With all the chaos going on in my life at the time, taking care of myself was at an all time low on my list of priorities. That little “sniffle” I had the first day of class had now become an unbearable cough that would leave me weak and shaking. There were signs up at every classroom door that stated there were known cases of whooping cough in the college. Even after seeing the signs, it was still several weeks before the urgings of my fellow classmates finally sunk in and I decided a doctor visit was in order. I waited till I reached the point where I couldn’t move from the couch to change the two younger children’s diapers and only went then because I couldn’t bear the thought of asking someone else to help me care for them. It didn’t take long for the doctor to inform me that I had pneumonia; he gave me a prescription to take at home and said I needed to come back for a follow-up visit on Monday (this was Friday). The ex came to pick up his three children that evening; my 9 year old always stayed home with me. I don’t remember much of that weekend but I do remember going back to school and the doctor on Monday; I didn’t miss a day of class from being sick.
Over the next several weeks, I continued to be ill and was always fighting a cold or just being exhausted. My grades were falling in my main accounting class and I knew that I was going to fail. I talked to a friend at school who was taking the administrative assistant degree program and started checking into that as an alternative. Once I made up my mind to change degrees, I scheduled an appointment with a guidance counselor to determine where I was going to go as well as to drop some classes. When she told me that I was too overloaded with classes and that I needed to slow down and spread my education out over three years I was overwhelmed. I felt like a failure and couldn’t possibly envision myself ever graduating. I had to discuss the class drops with my teachers and make some decisions if I was going to make it through that first semester. All the classes they wanted me to drop were classes that I was making really good grades in and I wasn’t willing to give up any of them. My accounting teacher wasn’t too agreeable about me dropping my main accounting class and wanted me to finish it. So we reached a compromise, I dropped the other accounting class that I was getting a pretty decent grade in and I dropped my math class that I was getting an A in. With the drop of just those two classes life slowed down tremendously but my health was still an issue.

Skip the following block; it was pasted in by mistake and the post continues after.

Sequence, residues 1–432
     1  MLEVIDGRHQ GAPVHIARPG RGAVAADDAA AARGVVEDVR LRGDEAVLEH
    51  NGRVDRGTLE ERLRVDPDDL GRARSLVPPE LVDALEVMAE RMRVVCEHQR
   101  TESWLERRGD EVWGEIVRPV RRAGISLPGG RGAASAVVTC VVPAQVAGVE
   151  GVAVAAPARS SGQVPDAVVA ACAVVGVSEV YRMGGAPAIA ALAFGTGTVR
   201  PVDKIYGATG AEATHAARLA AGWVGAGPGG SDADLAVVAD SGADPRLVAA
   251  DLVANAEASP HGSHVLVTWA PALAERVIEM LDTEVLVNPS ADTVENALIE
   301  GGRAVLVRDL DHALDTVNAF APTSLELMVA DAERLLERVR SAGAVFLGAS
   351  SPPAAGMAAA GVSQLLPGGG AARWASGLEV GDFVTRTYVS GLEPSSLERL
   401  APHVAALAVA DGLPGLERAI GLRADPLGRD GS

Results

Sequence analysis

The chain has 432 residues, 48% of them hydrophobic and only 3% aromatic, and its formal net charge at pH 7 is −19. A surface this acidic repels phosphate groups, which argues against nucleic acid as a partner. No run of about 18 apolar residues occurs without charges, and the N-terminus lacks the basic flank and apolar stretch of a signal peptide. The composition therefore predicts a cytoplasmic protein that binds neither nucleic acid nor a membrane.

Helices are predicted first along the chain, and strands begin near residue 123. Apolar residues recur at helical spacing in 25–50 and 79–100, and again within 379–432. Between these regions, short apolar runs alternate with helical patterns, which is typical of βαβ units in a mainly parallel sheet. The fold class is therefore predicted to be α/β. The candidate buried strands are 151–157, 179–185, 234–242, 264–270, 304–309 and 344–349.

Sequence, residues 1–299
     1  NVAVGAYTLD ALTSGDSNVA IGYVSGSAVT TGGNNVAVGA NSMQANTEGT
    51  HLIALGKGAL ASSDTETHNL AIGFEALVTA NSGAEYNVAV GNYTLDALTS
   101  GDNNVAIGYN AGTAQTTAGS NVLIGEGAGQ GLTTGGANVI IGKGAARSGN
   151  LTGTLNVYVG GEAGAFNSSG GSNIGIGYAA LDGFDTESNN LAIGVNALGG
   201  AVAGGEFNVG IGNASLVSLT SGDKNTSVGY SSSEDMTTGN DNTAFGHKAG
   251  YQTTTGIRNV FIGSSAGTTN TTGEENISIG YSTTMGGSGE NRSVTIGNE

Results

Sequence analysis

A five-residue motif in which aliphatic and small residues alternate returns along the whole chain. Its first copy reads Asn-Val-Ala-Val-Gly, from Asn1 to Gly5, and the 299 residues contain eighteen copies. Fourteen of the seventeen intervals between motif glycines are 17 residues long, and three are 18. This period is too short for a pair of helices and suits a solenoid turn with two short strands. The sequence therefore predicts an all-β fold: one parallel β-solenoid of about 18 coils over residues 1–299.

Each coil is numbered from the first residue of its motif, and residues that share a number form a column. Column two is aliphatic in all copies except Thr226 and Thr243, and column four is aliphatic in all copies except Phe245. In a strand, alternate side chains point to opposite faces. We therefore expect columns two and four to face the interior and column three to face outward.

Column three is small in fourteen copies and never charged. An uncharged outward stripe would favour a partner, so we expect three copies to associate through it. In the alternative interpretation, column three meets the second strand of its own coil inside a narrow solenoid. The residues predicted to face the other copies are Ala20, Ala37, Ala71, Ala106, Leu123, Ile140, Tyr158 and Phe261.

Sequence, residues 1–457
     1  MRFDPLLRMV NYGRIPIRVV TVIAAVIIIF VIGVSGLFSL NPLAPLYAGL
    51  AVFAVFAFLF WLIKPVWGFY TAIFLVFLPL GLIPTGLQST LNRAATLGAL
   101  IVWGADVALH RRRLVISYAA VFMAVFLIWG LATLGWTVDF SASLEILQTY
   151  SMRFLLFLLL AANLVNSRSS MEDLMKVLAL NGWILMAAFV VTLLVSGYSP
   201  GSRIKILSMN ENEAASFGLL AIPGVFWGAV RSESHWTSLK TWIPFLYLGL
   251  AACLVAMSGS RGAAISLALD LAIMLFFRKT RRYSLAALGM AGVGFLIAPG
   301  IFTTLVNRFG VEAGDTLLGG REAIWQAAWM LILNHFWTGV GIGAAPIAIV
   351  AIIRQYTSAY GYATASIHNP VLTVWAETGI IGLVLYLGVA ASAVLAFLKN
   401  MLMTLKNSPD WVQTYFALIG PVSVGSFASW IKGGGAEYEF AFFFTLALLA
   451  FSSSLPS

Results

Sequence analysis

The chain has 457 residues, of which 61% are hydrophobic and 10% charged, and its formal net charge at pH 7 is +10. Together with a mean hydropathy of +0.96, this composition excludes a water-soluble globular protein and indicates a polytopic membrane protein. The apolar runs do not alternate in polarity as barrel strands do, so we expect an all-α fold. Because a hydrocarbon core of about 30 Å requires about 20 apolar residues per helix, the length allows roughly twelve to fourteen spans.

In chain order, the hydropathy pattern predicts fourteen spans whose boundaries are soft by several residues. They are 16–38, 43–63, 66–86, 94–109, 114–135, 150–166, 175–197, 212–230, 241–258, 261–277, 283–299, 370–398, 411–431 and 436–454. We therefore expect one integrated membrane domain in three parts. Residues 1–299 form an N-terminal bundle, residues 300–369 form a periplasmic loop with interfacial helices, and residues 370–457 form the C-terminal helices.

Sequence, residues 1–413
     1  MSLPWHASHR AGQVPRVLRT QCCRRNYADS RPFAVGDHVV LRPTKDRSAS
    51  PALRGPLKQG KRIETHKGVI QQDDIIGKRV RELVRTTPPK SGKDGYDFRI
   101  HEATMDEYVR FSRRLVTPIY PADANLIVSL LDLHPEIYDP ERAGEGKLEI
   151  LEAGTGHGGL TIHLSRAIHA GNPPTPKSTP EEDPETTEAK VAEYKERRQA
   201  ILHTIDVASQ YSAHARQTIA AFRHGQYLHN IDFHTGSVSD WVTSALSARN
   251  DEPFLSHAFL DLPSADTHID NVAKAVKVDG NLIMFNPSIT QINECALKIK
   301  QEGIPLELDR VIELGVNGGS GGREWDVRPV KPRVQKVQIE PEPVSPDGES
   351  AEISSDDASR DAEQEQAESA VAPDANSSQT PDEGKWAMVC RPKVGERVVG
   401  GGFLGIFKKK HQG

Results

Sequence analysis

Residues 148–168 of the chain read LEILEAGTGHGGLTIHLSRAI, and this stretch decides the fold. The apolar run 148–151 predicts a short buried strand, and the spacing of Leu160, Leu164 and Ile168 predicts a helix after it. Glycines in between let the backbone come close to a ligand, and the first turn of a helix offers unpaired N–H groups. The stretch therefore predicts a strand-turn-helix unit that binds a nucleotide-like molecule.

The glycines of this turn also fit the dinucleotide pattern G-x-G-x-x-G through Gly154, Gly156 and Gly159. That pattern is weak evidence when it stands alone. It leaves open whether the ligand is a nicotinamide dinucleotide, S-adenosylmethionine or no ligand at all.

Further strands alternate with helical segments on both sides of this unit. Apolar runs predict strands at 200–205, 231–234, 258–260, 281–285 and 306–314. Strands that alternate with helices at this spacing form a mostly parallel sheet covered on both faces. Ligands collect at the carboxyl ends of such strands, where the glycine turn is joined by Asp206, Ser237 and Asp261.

It finally became apparent that I needed to quit working because being around people so much at work was causing me to continue being sick. Every day I’d have several people come through my check out line who were battling colds, the flu, bronchitis, and etc..; my immune system was too weak to fight anything and I couldn’t get well. I spoke with the manager about taking a leave of absence until school was out for the summer and then I’d return to work during the summer months. The semester ended and I had a 3.5 GPA; on December 24, I worked my last day at Wal-Mart not knowing that I would never return as intended.
Is that Daylight?
I used my student loans to pay all the household bills for the next six months; just before the paid up bills ran out I received the opportunity to work as a virtual assistant for a small book publishing company located in Milwaukee, Wisconsin. Once I took advantage of that opportunity my future opened up and a whole new set of opportunities was waiting just around the corner.
I did graduate with my Associate degree at the end of the three years and have now started working on my Bachelors degree. The initial opportunity to work as a virtual assistant turned into a full time virtual assistant business that lasted for three years but I had to restructure when the economy collapsed and I lost all my clients. I have now started a website design business where I’ll offer services to local business working from my home. My son will be 18 at the end of May ’08 and continues to live in his foster home. With the advanced training the foster parents had in dealing with children like him he has improved tremendously; he has a straight A average in school and will graduate next year. The other children have grown, adapted, and matured. They enjoy having their brother home on the weekends for visits and we have become a “normal” single-parent family.